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Methods of Prolonging Spring Life

3rd September 1948
Page 48
Page 51
Page 48, 3rd September 1948 — Methods of Prolonging Spring Life
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Which of the following most accurately describes the problem?

by Laurence E. Field, A.M.I.R.T.E.

By Adopting Preventive Maintenance Many Spring Breakages and Other Faults can be Effectively Guarded


DESPITE attempts which have been made to displace the laminated-leaf-type spring, it would seem that it will remain with us for a long time yet, and, indeed, its relatively low cost in maintenance and replacement makes it difficult to visualize its successor. Preventive maintenance is much cheaper than costly service delays and no chassis unit repays more for being looked after than the road springs.

Some manufacturers load each assembled spring, so that it is bent over much farther than it would ever be in actual service. This, in itself, is an excellent test to reveal existing flaws in the metal, but certain stresses are also set up on the tension side of the leaves, creating a pre-set, and thus preventing early deterioration of the correct camber. Coil springs, as employed in some " independent" systems, cannot be pre-set in this manner, as the adjacent coils would make contact before the yield point was reached. The effective life of a coil spring, therefore, is usually much shorter than that of a laminated leaf spring.

Leaf springs. in the semi-elliptic

form are generally used; they have the important advantage of resiliently positioning the axles with relation to the frame, of cushioning brake reaction and driving torque, and, of course, providing the means for supporting the weight, of the vehicle

The main leaf is usually made slightly thicker than the others, in order to increase the eye-strength, but the practice of using the " military wrap" spring, where the ends of the second leaf are loosely wrapped around the eyes of the main leaf, is most commendable. Lengthwise clearance allows relative lengthwise freedom of the main and second leaves Should the eye of the main leaf break, the wrapper eye of the second leaf retains the assembly, enabling the vehicle to proceed with safety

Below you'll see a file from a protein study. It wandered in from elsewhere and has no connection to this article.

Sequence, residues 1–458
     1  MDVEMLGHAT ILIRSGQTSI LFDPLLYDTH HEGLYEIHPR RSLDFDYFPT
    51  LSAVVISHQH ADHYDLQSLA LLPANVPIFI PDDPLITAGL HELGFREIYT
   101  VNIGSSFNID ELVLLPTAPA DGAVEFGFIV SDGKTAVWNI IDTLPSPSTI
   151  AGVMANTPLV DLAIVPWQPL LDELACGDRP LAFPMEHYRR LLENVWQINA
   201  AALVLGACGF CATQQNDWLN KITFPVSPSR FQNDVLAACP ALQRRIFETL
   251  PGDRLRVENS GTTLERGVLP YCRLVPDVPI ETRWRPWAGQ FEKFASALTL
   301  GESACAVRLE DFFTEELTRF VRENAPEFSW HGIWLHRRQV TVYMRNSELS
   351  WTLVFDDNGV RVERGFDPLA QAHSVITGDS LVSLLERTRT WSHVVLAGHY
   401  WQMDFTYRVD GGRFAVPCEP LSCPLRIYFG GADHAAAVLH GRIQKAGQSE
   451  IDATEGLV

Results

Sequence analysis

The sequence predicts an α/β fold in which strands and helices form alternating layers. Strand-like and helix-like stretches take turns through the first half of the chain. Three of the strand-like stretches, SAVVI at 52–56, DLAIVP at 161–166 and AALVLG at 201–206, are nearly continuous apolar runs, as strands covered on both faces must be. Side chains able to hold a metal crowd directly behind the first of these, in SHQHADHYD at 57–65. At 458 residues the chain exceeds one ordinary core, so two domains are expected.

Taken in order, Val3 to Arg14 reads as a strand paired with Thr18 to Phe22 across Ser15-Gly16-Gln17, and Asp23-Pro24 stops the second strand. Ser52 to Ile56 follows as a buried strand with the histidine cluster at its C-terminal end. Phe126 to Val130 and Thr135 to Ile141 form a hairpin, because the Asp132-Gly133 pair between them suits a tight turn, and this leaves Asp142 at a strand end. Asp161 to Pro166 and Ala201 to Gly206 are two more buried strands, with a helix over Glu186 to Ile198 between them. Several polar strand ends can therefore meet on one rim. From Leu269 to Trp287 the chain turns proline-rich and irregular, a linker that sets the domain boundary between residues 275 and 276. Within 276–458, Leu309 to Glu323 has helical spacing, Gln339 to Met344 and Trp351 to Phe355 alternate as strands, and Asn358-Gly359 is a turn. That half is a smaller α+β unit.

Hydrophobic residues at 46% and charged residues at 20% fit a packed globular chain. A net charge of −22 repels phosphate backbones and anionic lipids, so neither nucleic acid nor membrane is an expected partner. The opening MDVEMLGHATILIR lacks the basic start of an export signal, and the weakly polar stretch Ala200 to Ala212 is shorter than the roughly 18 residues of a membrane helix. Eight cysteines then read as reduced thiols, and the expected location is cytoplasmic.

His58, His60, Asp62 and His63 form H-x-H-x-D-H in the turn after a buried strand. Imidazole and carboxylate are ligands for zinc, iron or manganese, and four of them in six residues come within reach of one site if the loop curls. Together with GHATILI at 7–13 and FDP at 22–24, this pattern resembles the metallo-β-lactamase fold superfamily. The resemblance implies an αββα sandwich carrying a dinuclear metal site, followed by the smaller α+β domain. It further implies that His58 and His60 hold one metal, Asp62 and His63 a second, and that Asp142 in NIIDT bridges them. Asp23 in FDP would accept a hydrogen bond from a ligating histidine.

The expedient of adding a leaf to compensate for overloading should s14 be carefully studied before being adopted. It is important to arrange for the proper stepping of the leaves, in order that each leaf carries its own share of the load. The use of progressive-type rear springs isbecoming common, and is a valuable assistant where overloads are encountered. There is less variation in spring deflection from light load to full load, consequently the chassis frame remains more nearly level, and better steering alignment is obtained.

In summarizing the factors controlling spring maintenance, it must be noted that the place of greatest hazard is found in the centre of the spring assembly, so that when the middle of the spring is clamped solidly against the axle pad, it cannot bend at this point, and consequently it cannot break. Therefore, the U-bolt nuts should always be well tightened and kept tight.

Experience with transport fleets operating under many different conditions indicates that this simple operation is the basis of preventive maintenance of springs After spring replacement, all holding-down bolts must be fully retightened on completion of the first day's run.

It is possible for worn or improperly fitted axle pads to be a contributing cause of spring breakage. Failure to keep the U-clips tight, causes wear to take place on the pads, making it difficult for the spring to sit flat. Without the use of a torque-recording wrench it is not easy to assess the tightness of the U-clip nuts A made-up box spanner, with a long stout bar, is necessary and as a standard guide the following length of bar leverage will be found to be satisfactory: For f-in. U-bolt nuts, use a 3-ft. bar; i-in. U-bolt nuts, 4-ft.